Music Curation: Why Algorithms Aren’t Enough

July 28, 2016

These days we’re bombarded with articles about new technology that will supposedly change our lives: self-driving cars, wearable tech, and even hover boards. However, the reality is that it’s been over 25 years since the release of Back to the Future Part II, and all we have to show for it are “hover boards” that don’t hover but do catch fire.

In the music industry it’s not much different. Just as with the promise of hover boards, we’ve been promised for years that technology—specifically algorithms—would free us from the need for human curation. If you’re just looking for decent music to clean the kitchen to, you may find the new technology works well enough. But if you’re hoping to use strictly algorithmic data to build, maintain, and constantly evolve the complex musical expression of your brand’s identity over many years, you’re going to get burned.

“ It takes an expert who’s in continual lock-step with the brand, the music industry, new bands and old bands, past trends and new, to know the exact types of songs, artists, and genres (and the amount of each) to bring a brand’s complex identity to life. ”

Brand Complexity: Too Hot for Algorithms to Handle

So why isn’t an algorithmic playlist the best choice for a brand? Brands, by nature, are far more complex than a single person and constantly evolve. Their existing and potential customers are made up of millions of unique individuals, with a wide variety of styles, tastes, and musical preferences. It takes an expert who’s in continual lock-step with the brand, the music industry, new bands and old bands, past trends and new, to know the exact types of songs, artists, and genres (and the amount of each) to bring a brand’s complex identity to life.

When consumers interact with a brand, they have expectations of what they would hear—whether they are in-store, online, or viewing a commercial. And in most cases, the music they expect to hear in a commercial environment is different than what they would listen to in their personal time. Algorithms, however, are monitoring listening patterns and trends when people are listening to music for personal use. Current streaming data and algorithms can identify the artists and songs people are listening to, but not which artists or songs related to their personal favorites match up with the identity of a brand. So, they will only get you so far toward a brand sound. Take the band Death Cab for Cutie, whose most popular song on Spotify, by almost 40 million streams, “I Will Follow You Into the Dark,” is a beautiful, yet tragic and rather depressing song revolving around death.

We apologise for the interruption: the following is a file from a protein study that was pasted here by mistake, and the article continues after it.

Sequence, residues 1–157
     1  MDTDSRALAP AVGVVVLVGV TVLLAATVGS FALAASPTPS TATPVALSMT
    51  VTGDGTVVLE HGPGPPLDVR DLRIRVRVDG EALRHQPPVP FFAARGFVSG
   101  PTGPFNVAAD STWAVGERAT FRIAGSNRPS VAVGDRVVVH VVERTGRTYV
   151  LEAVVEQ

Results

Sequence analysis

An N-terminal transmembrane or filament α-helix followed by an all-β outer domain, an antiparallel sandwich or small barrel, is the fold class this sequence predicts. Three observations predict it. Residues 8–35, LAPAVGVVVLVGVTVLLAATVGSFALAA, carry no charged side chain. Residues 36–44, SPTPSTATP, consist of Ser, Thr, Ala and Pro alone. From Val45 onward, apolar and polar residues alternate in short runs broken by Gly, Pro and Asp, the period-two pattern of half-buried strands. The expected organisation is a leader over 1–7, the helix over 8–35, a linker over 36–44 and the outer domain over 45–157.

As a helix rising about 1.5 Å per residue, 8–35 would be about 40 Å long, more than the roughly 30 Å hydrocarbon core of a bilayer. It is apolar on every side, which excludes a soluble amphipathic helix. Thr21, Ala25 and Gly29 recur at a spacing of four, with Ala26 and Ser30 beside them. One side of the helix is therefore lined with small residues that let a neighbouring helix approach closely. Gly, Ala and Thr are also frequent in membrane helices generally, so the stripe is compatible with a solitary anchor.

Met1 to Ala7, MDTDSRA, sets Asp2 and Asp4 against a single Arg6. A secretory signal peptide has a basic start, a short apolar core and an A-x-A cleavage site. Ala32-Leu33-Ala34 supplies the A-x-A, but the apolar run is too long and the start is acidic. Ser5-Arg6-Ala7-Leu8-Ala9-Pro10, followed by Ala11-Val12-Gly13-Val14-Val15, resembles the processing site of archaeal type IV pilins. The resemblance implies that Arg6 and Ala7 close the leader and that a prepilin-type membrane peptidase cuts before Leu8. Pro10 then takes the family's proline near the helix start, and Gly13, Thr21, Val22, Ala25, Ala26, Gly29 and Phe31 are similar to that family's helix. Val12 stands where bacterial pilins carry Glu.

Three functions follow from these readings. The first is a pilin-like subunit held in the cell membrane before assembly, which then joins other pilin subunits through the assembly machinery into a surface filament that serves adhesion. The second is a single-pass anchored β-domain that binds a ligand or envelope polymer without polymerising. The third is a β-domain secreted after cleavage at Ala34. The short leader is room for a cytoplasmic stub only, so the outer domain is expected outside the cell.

Needless to say, it’s not ideal for most brands or brand campaigns. If you truly want to impress a Death Cab fan visiting your business, you’d need to know that all die-hard Death Cab fans love the early, but much less known albums, We Have the Facts, Photo Album, and Something About Airplanes. None of which have a single song appearing in the “Most Played” list on Spotify, or any other platform for that matter.

About PlayNetwork

PlayNetwork is the leading global provider of music and entertainment media experiences for brands worldwide. We partner with over 400 brands spanning 110,000 customer locations in more than 110 countries, our work reaching 100 million people every day. This post is a part of our series: Crafting a Branded Sound: How Music is Chosen for the World’s Favorite Brands. To learn more about PlayNetwork, visit www.PlayNetwork.com

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